The Supreme Court asked why the Center is not calling an all-party meeting regarding the election campaign announcement of the distribution of free facilities. BJP leader Ashwini Upadhyay has filed a Public Interest Litigation seeking an end to promises of free goods or services by political parties. The bench of Chief Justice N. V. Ramana asked this question in his hearing the day before yesterday.
Realizing the complexity of the matter, the Supreme Court said in the last hearing that it is necessary to discuss this matter. Therefore, the court recommended the formation of an expert group with various stakeholders like the government, opposition, NITI Aayog, Finance Commission, Law Commission, Election Commission, and Reserve Bank. The day before yesterday, the Chief Justice said that there is a need for a debate on this issue. He said, “The biggest problem is, who will lead the committee? In the end, it is the political parties who make promises and fight for votes. Suppose if I fight for the polls, I won’t even get ten votes. Because the person is not that important. Such is democracy in this country.”
Comment of Chief Justice
According to the Chief Justice, whoever is in opposition today can come to power tomorrow. So, they have to come forward and handle these things. Things like giving away free benefits that can destroy the economy need to be looked at. So, he (Chief Justice) cannot just issue directions. This needs to be debated. Petitioner’s lawyer Vikas Singh said that a former Supreme Court judge like former Chief Justice R M Lodha should be made the chairman of the expert committee.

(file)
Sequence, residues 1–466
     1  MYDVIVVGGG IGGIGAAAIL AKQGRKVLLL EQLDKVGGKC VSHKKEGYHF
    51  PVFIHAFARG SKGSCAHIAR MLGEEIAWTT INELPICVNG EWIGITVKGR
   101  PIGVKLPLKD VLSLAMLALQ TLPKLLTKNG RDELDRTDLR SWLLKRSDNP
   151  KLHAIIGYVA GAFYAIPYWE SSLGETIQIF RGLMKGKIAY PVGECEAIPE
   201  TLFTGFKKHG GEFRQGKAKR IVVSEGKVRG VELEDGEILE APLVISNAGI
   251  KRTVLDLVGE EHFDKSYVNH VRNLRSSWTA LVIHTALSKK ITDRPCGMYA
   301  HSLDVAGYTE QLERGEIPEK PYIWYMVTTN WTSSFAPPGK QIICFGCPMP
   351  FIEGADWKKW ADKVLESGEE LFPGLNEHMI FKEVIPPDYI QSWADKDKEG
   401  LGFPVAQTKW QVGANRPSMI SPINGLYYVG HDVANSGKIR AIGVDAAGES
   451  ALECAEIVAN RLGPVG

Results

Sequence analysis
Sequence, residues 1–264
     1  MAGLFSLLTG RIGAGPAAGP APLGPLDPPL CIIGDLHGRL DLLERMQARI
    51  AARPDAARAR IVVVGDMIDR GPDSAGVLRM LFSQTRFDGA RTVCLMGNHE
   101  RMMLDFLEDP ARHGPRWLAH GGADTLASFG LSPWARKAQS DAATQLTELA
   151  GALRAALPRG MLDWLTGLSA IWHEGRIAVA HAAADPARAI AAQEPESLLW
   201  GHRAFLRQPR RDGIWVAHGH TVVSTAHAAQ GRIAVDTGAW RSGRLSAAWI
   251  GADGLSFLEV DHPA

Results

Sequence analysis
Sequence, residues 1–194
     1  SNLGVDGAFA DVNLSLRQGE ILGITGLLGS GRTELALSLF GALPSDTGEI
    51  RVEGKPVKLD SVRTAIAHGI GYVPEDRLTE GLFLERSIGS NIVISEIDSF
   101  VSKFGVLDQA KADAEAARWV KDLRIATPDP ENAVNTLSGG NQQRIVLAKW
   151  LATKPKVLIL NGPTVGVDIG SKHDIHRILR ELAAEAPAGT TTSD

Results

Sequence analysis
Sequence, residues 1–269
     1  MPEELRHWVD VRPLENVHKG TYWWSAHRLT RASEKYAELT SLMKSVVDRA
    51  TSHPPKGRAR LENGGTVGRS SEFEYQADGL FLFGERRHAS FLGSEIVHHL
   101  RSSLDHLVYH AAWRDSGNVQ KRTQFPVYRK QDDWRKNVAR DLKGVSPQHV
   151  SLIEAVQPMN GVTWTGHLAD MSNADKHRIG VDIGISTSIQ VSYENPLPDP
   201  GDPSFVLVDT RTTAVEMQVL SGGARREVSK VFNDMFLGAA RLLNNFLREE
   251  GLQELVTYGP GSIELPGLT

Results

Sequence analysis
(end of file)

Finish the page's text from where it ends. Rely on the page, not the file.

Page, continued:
Hearing that, the Chief Justice said in a light tone, “Whoever has retired or is about to retire, has no value in this country.”
Solicitor General Tushar Mehta, on behalf of the Centre, said parties who may not be in power, also promise to influence voters unfairly. Mehta said, “Suppose someone says, I won’t take money for electricity. I don’t know where the money will come from. Electricity is just an example. Will the voter get an environment where he can make an informed decision? Can you promise to fly to the moon to win elections?”
At this time, the Chief Justice asked why the government is not calling an all-party meeting. Mehta said that political parties have already gone to court against the rush to provide free facilities. The all-party meeting may not be fruitful in this climate. He said, “Some political parties think that free benefits are their fundamental right. That’s how they came to power.”
The stance of AAP’s lawyer
Aam Aadmi Party lawyer Abhishek Manu Singhvi contradicted the Solicitor General’s comments saying, “When the common man got the right to vote in 1947, the literacy rate in this country was about 12 percent.” Lawyer Kapil Sibal said that the political parties can’t know the financial condition of the state if they do not come to power.